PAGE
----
Monday, April 14, 2014

What are Majorica Pearls

I remember seeing Majorica pearls as a child in window shops all over town. They were always placed on top of some sort of red velvety material, and Majorica's red and gold banner was always prominent. My mother, of course, was interested in pearls, as any self-respecting Spanish woman of a certain age had to be, so she owned some cultured pearls and some Majorica ones. Buying pearls was then considered a true investment, and a possible heirloom for the family.
If real pearls or even cultured ones are as out of your reach as they are of mine, these are a great faux option.

Vintage Majorica ads. Majorica pearls have been for decades at the top of the simulated beads market, next to Pearlfection. Both brands are collected by costume jewellery fans.
What are Majorica Pearls
Majorica pearls (not to be confused with Majorca pearls) are high-quality faux pearls produced in a small factory in the Balearic Islands in Spain, in the town of Majorica. They are faux because they are man-made in a factory. To be more precise, they are, and have always been, "woman-made". What probably started because female labour was cheaper than male's (it still is, but we are not going there now), is now probably a tradition. They use solid glass beads as nuclei for the pearls that are then coated with multiple lacquer layers (much as a cinnabar object would be), using what is known in the trade as essence d'orient or pearlessence. They keep the secret of their pearlessence formula zealously, obviously.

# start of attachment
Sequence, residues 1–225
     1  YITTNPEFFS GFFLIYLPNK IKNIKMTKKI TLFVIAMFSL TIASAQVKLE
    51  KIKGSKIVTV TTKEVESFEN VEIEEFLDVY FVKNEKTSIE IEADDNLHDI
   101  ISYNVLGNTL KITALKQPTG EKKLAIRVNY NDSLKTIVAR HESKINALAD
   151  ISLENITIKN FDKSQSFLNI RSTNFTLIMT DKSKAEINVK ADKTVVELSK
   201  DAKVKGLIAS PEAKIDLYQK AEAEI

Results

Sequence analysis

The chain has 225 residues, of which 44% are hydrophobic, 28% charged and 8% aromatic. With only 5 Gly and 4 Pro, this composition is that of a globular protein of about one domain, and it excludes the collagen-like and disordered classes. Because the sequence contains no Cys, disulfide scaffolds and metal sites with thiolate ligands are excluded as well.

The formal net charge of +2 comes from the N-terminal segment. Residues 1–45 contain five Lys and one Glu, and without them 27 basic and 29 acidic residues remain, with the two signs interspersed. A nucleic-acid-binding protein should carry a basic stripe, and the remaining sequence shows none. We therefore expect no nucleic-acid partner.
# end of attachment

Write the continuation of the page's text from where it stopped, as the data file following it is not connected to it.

Majorica pearls look and feel real or, at the very least, expensive. Apart from their more conservative models (ie. regular pearls in expected colours, frequently in matching sets), which are a bit boring, they have started producing edgier ones, usually either with gold-plated, or in silver or rhodium findings. Slightly more than half of their products are still sold in Spain, although many to tourists, and the rest in the USA. For instance, Neiman Marcus and Saks Fifth Avenue both carry them.

Follow the label Pearls to learn about how to take care of pearls and more.

  • For all the photos in the post,
  • Their story, as told by themselves:
  • Their recent history, in El PaĆ­s (in Spanish): You can use to translate the page.

This post contains no affiliated links.
The label Pearls is a TRL series that is ongoing.
This post was first published on April 19th 2012. The information has been edited and the collages are new.

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